RULES and regulations are often castigated for ruining our fun. The widely-held view that politicians introducing arbitrary limits, particularly in areas like motorcycling where they’re generally clueless, is something that we’re all understandably wary of.
But just once in a while, by accident rather than design, a silly rule leads to a wonderful loophole. That’s what happened in the late 1980s and early 1990s when 400cc bikes briefly became the pinnacle of technological excellence.
It all came down to Japanese attempts to stop people riding large, fast bikes. Anything over 400cc was classed as a heavy motorcycle, with additional restrictions and costs when it came to licencing, tax, insurance and mechanical inspections (shaken). The restrictions virtually killed the Japanese market for larger bikes, and forced the world’s cleverest motorcycle engineers to work out how to fill the demand for fast bikes without resorting to capacity.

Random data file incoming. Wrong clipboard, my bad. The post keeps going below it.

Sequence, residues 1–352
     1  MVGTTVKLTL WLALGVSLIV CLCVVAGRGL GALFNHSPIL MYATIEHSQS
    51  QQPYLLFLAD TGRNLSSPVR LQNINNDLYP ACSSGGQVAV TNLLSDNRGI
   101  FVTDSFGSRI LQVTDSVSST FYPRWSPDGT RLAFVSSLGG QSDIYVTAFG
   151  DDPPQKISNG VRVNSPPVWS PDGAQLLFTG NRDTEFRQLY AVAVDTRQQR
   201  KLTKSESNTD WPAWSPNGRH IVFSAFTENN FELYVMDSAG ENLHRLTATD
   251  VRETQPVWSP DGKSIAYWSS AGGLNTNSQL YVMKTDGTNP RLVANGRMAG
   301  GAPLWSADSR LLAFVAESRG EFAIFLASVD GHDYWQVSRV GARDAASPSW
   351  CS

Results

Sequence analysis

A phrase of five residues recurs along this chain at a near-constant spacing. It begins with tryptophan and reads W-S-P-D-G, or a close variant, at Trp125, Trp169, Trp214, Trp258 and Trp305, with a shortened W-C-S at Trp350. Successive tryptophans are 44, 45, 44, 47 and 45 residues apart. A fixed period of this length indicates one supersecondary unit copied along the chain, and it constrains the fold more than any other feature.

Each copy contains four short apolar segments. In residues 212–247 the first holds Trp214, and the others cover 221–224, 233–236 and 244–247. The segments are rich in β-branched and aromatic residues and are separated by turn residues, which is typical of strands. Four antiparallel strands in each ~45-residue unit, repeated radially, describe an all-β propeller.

Wonderfully, the result was a huge crop of incredibly sophisticated sub-400cc miniature sports bikes (and also a class of jewel-like 250cc four-strokes, created to slip into an even cheaper tax and licencing class).
Better still, hundreds or even thousands of them later appeared on the ‘grey’ market in the UK. Often exported to avoid the ever-more-expensive shaken (MoT) test in Japan, these became the default entry-level sports bikes for a generation that had just missed out on the heyday of the two-stroke sportster.
Now, a quarter of a century or more from their release, they’re starting to reach classic status, with prices for good ones on the increase. Grab them while you can.
Click 'Next' for a run-down of the top 10 best, and sometimes rarest, examples of the breed.